FACT: I don’t have a great relationship with money. I never have.

FACT: Folk music is half feelings and half joking about how there’s no money anywhere for anyone and you might as well get used to it. Or quit. Just quit because money’s never going to be part of the deal.

FACT: This past week I’ve been doing a lot of internal work regarding purpose, dreams, self-talk and how I want to fashion plate out my next best self and it finally dawned on me that me and Money have some work to do.

Money and I have to call a truce. We have to start working together instead of distrusting one another. We have to walk over to Music and say, “Hey man, I think there’s a way we can all go into business together and not lose sight of the real goal.”


“ Keeping a day job is how you free up the music to just be what it wants to be instead of adding the pressure of a paycheck on top of songwriting because songwriting has enough problems and pressures to begin with.”

“It can’t be about the money. Simply because there isn’t any. Get used to it. If you feel like a beggar then you know it’s working. Join the club, sweetheart.”

“Getting paid feels great. Every once in a while you’ll get that feeling. Most of the time, it’s catch as catch can.”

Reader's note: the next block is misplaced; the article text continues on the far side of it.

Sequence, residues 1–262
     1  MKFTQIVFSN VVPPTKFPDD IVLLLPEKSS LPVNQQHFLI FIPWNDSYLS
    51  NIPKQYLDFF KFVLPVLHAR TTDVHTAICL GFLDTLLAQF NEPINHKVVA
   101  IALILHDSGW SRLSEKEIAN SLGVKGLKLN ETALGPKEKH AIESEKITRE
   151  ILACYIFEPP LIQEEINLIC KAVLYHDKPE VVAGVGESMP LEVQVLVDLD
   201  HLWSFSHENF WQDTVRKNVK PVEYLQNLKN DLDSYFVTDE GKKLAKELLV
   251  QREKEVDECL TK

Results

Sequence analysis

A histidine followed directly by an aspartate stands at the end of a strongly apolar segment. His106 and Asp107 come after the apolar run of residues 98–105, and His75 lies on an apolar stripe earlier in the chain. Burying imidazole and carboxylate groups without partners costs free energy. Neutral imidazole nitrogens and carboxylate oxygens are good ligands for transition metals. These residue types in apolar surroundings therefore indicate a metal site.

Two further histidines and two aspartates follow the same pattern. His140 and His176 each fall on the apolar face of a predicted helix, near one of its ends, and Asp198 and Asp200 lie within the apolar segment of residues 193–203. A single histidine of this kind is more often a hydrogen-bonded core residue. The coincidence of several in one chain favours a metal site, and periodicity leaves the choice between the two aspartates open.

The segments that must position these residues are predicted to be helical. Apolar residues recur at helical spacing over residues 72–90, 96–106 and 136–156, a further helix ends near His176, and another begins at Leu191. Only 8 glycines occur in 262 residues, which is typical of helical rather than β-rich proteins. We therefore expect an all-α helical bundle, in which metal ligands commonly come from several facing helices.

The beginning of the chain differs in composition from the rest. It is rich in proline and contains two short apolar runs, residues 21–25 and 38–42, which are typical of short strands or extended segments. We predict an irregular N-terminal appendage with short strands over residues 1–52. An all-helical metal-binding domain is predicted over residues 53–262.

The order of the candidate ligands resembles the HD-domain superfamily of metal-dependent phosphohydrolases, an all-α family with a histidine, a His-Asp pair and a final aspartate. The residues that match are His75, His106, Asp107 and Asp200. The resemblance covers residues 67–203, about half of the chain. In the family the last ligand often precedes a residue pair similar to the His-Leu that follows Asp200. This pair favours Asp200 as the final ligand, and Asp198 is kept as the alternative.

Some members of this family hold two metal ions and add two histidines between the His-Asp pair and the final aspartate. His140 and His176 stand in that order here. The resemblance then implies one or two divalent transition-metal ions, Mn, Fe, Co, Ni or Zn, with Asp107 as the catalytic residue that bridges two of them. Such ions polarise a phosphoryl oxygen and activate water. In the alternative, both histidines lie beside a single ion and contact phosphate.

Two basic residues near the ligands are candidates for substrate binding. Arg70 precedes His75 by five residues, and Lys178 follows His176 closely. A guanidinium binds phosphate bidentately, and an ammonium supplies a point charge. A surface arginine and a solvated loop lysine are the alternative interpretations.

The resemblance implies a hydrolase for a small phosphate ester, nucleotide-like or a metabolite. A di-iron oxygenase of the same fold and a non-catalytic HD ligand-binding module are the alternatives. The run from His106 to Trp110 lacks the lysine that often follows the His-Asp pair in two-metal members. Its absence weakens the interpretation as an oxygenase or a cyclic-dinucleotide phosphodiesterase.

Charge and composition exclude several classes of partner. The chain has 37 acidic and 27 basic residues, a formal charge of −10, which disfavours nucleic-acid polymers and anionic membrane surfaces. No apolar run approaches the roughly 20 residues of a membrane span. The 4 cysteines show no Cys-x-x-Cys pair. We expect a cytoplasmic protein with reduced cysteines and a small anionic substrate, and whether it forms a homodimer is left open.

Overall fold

“The new model doesn’t value art. The 21st century isn’t interested in paying for your work. I don’t care how long it took you to write that song. People pay for coffee and netflix and sports. No one pays for art.”


If all I ever do is resent my day job and wish like heck I could just be a musician, if my real dream is being a full time singer/songwriter, then step one feels like throwing the beggar out the window, and rethinking how I see money.

And that’s coming clear for the very first time. So clear and so great.

Why? Because it feels like something I can actually do. I can’t, of my own strength, get bigger artists to book me as their opener (if you know how to strongarm the cool kids into letting you sing while people get to their seats, let me know), but I can look at the numbers, see how they need to play out and start making a plan to do business just like if I were a hair dresser or a mechanic or a waitress.

We joke about the lack of money in music. Some of us even tell others of us to give up. There’s no such thing as “making it” in 2018.

But with a little bit here and a little bit there, some commissions here and commissions there, I think I can hobble together a living. It’s what I want. So I don’t think I have time for the jokes about being broke anymore. They served their purpose, but they’ve run out of steam and now I need a new idea.

Music and money. Tough stuff. In honor of the hard working musicians pouring their hearts out in between shifts so that someone somewhere can feel not so alone, here’s a song by musical warrior, Jana Pochop. She’s a friend of mine and all ‘round rockstar.

“Martyrs don’t walk through their own open doors.”